My 14-Year-Old Daughter Watched Porn And It Changed Our Lives In Ways I Never Imagined

As we sat there in the dark, I asked her some pointed questions and she gave some very uncomfortable answers.
TARIK KIZILKAYA via Getty Images

One fateful night in November 2014 my then-14-year-old daughter woke up my husband and me at 2 a.m.

Crying and visibly distraught, she whispered, “Mom, I have to tell you something.”

Those dreaded words are guaranteed to jolt even the deepest sleeper into full-alert mode. Immediately my mom brain raced through the usual suspects: Is she pregnant/on drugs/in serious trouble? Is one of her friends pregnant/on drugs/in serious trouble? Whatever the inspiration for her urgent need to talk to me in the middle of the night was, I knew I had to remain calm to keep her from freaking out any worse than she already was.

I sat up quietly. “OK. What’s up?” I asked her as evenly as possible.

Instead of answering me, she handed me her iPhone. That act alone spoke to the severity of the situation ― normally she barely let me look at her phone, let alone lay my paws on it. I braced myself for the awful bullying text or threats or even naked photos I worried were awaiting my eyes, but instead, I found myself looking down at a webpage with some formal-sounding legalese scrolling across it. Confusion completely swallowed my fear.

“What is this?” I asked.

Looking everywhere but at me, she replied, “I’ve been watching porn and the FBI has tracked me.”

Instantly my mind flipped into freak-out mode: WTF! Porn?! Is the FBI going to be knocking on my door? Is that a siren I hear? Would they call first? Could she go to jail? Would she be tried as an adult? Do I need to get her a lawyer? How much would a lawyer even cost for something like this? Wait ― is porn even illegal? Stop it, Amelia! Your little girl needs you. Breathe.

There is almost nothing that could have shocked me more. As the mother of a girl, I had imagined so many of the difficult conversations and situations I would have with my daughter as she grew to womanhood. Since she was 14, I assumed we had already had all the “big” conversations: periods, sex, online safety, respecting her body, drugs and alcohol, helping friends.

Those chats had, for the most part, all gone well ― so much so that I really thought I had this parenting thing in the bag. I knew it wasn’t enough to speak to your kids about these potentially tricky subjects only once and that parents should work to establish an ongoing dialogue with their kids about them whenever possible.

And much to my kids’ chagrin, I was committed to open and honest communication with them. In fact, my approach has always been that if I hear or read anything pertaining to “growing up” topics or experiences, I will bring them up with my kids ― no matter how awkward or difficult those topics or experiences might be.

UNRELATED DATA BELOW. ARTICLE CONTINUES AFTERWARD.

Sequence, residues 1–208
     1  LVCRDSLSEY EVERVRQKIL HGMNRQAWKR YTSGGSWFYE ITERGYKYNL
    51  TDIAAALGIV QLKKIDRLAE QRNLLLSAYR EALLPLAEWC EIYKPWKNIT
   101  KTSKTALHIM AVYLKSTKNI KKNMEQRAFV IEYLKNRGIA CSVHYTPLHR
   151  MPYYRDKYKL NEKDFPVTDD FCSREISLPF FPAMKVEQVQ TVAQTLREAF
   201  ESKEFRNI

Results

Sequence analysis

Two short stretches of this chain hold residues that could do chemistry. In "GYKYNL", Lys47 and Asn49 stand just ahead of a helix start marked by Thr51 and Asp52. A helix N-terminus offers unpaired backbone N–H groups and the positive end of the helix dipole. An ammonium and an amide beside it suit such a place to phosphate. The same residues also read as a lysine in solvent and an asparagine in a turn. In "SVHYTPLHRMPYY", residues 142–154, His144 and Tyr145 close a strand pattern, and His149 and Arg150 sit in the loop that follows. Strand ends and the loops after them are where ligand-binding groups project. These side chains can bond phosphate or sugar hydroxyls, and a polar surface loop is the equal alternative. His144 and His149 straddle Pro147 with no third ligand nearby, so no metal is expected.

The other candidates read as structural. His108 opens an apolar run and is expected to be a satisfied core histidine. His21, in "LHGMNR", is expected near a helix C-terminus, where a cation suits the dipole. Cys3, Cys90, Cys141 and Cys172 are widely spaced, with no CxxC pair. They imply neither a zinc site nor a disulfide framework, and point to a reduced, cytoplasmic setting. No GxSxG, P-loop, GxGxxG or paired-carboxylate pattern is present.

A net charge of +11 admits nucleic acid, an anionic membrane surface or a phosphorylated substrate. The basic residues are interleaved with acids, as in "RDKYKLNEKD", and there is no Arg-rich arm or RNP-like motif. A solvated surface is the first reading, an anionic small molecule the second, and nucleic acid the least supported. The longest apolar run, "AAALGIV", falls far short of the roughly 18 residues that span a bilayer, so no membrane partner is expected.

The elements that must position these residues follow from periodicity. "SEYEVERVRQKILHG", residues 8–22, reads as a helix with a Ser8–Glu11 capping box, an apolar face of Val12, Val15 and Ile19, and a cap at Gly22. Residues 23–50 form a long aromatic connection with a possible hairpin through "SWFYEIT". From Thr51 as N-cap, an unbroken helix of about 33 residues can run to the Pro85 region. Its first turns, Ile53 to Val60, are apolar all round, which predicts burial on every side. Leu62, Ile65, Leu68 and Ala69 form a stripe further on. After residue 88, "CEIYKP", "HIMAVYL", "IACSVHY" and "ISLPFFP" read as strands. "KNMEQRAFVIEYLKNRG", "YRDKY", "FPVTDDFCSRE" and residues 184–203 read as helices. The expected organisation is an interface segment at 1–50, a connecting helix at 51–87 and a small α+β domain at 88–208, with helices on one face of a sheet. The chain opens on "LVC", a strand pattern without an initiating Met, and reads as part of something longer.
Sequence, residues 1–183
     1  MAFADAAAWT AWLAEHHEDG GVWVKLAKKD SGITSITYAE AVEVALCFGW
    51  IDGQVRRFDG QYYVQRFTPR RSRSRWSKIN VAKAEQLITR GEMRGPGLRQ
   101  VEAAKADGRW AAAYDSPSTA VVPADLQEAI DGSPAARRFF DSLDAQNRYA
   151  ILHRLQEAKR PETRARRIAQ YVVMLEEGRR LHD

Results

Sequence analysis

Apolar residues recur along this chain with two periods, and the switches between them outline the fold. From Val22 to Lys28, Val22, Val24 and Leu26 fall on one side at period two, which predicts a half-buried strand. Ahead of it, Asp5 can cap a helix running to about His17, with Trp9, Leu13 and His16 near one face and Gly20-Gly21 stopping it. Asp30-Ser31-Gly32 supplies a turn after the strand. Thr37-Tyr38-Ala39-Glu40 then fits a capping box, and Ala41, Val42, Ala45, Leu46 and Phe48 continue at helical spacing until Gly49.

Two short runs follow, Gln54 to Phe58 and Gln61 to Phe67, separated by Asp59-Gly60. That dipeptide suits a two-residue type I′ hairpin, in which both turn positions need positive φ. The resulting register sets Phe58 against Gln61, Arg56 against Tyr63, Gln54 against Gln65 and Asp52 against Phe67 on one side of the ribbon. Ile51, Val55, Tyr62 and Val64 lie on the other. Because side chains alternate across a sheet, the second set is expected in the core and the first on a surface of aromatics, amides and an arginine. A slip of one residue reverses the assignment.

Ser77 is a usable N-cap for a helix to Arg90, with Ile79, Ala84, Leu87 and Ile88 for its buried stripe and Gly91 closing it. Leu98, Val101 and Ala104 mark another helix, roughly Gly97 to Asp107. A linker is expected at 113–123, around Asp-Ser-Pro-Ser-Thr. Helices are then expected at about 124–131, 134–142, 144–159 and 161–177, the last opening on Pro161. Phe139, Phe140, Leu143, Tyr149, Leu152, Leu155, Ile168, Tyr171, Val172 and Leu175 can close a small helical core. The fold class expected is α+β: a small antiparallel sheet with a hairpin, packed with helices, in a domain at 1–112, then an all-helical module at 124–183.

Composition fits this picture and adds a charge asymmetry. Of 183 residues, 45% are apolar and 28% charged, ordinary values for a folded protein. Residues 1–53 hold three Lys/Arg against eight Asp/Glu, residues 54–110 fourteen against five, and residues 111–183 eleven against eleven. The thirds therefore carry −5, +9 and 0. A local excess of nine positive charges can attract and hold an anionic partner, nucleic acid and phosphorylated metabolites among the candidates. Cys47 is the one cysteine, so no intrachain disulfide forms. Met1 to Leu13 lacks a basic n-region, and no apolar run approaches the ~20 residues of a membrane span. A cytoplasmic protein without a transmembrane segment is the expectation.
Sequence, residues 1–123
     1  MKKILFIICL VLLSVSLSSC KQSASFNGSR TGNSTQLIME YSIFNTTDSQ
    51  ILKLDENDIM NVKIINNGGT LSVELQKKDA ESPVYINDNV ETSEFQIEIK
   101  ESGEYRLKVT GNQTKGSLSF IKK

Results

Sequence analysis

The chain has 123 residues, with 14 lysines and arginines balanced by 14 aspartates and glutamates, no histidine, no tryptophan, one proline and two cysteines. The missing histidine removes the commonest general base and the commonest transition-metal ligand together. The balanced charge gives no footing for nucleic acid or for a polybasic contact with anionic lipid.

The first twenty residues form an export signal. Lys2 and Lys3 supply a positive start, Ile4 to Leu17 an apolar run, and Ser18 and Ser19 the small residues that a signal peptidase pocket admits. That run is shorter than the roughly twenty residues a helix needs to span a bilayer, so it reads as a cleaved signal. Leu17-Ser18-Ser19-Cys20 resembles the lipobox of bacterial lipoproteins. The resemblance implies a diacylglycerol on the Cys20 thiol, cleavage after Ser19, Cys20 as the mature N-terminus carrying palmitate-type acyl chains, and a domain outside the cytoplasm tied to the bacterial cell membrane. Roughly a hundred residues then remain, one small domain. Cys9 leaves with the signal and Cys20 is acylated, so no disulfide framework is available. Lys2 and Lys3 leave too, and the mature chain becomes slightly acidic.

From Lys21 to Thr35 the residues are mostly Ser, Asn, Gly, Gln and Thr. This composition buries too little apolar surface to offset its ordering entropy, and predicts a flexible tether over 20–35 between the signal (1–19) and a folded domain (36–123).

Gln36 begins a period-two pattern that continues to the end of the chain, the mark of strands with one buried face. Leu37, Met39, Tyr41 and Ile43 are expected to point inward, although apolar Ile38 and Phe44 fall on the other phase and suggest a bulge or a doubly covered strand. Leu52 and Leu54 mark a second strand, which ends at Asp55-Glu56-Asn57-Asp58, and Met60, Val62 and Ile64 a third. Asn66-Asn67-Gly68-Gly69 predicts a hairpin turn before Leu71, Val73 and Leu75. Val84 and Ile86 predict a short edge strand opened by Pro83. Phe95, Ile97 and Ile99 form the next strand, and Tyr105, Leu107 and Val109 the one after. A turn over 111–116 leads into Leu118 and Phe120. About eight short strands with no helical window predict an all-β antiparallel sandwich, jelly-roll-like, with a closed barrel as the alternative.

But porn? I never even considered that I would have to have this discussion with any of my kids until my son, who is almost 5 years younger than his sister, hit puberty. Unfortunately ― and perhaps naively ― having to discuss adult content with my daughter had never even appeared on my Mom Radar.

As we sat there in the dark, I asked her some pointed questions and she gave some very uncomfortable answers. No, she never chatted with anyone about porn. No, she never contacted anyone, and no one ever contacted her asking her to send nude pictures of herself. No, she never made any porn videos or posted them online. Yes, she watched videos of adults having sex. No, she never watched any videos of children, and no, she is not attracted to children. (“Ewww, gross, Mom!”) Yes, she is attracted to both men and women.

“As the mother of a girl, I had imagined so many of the difficult conversations and situations I would have with my daughter as she grew to womanhood. ... But porn? I never even considered that I would have to have this discussion.”

As we talked, my brain and heart began to settle. My husband and I realized her confessions and experiences were probably not all that different than those we normally hear about regarding teenage boys getting caught in similar situations. Adolescents ― both boys and girls ― are curious about sex. From the beginning of time, kids have been sneaking glimpses at graphic pictures and telling explicit stories.

Yet we usually only hear about boys looking at supposedly “naughty” things, even though girls are just as curious about sex as boys. With boys, viewing porn is almost expected or seen as some kind of rite of passage. With girls, well, I don’t even know what it’s like, because our culture so rarely addresses or talks about why girls might want to look at porn ― or when and why it might be useful for them to do so versus when and why it can be damaging.

As I watched her sitting on a little corner of the bed, cocooned in her shame with her teeth clacking from nerves, I realized that while I could understand her embarrassment, she really did not have anything to feel ashamed about. She was simply curious.

After we talked and she went back to bed, a little quick sleuthing assured me that she was not actually going to be arrested. The pop-up message that appeared on her phone was actually just that ― a spammy ad that wasn’t really generated by the FBI. I do not know who or what put it there, but it actually turned out to be a good thing for my teen. It got her talking to me ― and about so much more than porn.